Types of Production Planning
If you work in a jeeter flavors plant as a supervisor you have heard the words “production planning” many times. This is the procedure that they use to decide just how many goods to manufacture. For the company to be successful efficiency is important. They do not want to over produce products and then have them just sit in the warehouse. That is profits down the drain, so to speak. A company wants to make sure that they are producing enough products to meet the demands. There are many different forms of production planning that goes under various titles in the world of business. There are three main types that many businesses use.
Batch production planning
This type of production planning involves producing many identical individual products from the same batch of raw material. For example, a seamstress would take some cloth and produce five individual identical dresses. In a manufacturing plant that produces many different products this can advance the efficiency of the employees and machines to produce one large batch of an individual product at the same time. In a factory, for example, the machines may be set up to produce a group of peas in cans, followed by a group corn in cans. Setting up the machines to follow this schedule is more efficient than changing the machines to produce a can one at a time as they are needed.
Job-or project-based production planning
This type is generally used in smaller businesses where one team or one person does the production of services or goods. A jewelry maker that makes custom engagement and wedding rings is an example of this type of production planning. Film production is a team so this is the type of planning they would use. Job-and project planning is very customizable to meet the requirements of the business and the customer. It should not be used if you are creating a flow of production that is consistent.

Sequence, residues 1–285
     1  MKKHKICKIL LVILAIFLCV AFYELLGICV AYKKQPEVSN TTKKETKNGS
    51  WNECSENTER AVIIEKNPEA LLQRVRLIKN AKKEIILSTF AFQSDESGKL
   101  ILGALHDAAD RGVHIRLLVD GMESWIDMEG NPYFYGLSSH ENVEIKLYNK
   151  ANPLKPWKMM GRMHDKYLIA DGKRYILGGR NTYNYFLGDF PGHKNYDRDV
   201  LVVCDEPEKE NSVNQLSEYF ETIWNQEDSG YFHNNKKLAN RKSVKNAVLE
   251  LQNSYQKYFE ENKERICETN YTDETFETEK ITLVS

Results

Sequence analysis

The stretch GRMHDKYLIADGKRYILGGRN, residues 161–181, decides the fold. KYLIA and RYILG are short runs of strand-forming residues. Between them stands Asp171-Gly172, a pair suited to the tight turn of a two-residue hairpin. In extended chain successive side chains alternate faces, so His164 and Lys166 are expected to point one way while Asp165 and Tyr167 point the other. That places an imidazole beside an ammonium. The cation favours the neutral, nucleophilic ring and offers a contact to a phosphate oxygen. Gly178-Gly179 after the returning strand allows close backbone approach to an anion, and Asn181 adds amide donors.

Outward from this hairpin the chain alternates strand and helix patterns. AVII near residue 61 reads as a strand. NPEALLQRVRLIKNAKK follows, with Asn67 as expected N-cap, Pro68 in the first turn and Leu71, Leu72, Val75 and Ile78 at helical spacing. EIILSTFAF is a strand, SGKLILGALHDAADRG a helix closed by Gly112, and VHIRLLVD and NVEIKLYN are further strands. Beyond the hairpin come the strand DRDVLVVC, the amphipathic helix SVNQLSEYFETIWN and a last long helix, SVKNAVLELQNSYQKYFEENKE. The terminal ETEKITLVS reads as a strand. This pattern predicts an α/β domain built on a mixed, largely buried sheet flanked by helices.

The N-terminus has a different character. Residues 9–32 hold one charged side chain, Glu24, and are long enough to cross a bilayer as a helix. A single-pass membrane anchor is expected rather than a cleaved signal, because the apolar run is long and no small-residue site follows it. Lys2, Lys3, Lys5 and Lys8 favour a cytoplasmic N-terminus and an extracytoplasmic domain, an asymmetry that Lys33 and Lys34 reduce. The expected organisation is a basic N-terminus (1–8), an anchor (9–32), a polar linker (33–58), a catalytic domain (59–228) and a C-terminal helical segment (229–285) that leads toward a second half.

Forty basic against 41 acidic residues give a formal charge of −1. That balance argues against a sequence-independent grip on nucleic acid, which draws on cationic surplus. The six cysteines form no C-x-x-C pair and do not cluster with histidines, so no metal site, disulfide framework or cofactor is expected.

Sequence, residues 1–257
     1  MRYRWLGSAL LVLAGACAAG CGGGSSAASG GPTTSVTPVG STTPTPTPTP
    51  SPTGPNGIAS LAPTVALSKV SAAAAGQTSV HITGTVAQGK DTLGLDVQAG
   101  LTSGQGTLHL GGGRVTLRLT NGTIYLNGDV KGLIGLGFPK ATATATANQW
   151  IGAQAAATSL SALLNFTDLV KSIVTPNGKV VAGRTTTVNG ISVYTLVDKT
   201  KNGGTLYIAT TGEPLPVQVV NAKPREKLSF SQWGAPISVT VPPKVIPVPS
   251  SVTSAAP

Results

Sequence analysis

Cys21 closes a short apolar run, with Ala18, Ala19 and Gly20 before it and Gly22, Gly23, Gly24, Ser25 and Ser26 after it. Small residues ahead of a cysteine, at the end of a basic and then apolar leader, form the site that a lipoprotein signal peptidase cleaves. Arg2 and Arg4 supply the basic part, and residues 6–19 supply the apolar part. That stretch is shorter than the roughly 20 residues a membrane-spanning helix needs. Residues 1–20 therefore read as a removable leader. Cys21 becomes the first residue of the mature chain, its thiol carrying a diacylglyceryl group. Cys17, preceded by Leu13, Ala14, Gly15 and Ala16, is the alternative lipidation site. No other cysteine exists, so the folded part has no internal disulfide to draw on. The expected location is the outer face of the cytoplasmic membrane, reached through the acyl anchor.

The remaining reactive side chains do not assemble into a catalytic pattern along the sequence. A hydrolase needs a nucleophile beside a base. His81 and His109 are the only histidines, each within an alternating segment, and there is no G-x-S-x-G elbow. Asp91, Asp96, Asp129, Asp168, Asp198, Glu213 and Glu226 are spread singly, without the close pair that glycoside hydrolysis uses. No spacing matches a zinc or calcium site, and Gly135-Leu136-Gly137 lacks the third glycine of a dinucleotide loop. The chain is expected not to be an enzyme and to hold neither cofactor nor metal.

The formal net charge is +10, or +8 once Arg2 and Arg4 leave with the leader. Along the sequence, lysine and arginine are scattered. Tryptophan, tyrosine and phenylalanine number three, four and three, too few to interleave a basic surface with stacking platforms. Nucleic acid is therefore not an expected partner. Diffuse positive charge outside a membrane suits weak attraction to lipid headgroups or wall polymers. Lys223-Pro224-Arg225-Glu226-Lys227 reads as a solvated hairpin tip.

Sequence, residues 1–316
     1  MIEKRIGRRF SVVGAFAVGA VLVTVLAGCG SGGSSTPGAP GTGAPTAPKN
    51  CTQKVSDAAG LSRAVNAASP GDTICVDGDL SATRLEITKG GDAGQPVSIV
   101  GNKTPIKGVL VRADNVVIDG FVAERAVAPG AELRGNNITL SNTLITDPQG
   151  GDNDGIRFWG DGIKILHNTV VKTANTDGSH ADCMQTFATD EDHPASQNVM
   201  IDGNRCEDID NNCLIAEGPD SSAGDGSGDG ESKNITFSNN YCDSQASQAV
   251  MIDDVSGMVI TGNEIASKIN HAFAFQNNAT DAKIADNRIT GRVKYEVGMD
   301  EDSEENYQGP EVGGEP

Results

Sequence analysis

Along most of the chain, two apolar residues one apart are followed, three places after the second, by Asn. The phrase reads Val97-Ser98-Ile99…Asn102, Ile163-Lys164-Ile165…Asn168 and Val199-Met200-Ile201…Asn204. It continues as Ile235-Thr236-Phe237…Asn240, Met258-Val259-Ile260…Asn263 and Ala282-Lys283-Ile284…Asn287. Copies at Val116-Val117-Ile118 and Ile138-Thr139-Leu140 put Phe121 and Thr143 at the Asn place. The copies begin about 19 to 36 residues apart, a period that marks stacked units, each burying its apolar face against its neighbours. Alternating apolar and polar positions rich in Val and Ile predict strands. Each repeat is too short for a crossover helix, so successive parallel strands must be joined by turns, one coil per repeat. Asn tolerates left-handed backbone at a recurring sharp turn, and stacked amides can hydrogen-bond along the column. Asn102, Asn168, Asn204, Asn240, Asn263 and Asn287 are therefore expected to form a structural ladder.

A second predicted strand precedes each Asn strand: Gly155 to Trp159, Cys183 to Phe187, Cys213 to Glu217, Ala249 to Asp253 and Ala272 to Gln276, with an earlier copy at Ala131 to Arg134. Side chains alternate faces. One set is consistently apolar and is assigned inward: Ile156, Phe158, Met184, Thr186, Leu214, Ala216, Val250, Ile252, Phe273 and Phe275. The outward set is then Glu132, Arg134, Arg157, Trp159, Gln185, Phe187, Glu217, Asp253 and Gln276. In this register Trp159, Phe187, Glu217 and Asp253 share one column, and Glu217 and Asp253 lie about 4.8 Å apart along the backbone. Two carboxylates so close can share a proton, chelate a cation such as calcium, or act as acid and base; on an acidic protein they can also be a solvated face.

Continuous or mass production planning
This one is used often to create products that are massed-produced and generally used by large factories to produce a steady flow of products. For this process to be cost-efficient, a demand for this product must be regular. The production services must also be streamlined. This is so the products go from one-step of the making the product to the next step effortlessly. This requires demanding pre-planning of production flow and layout.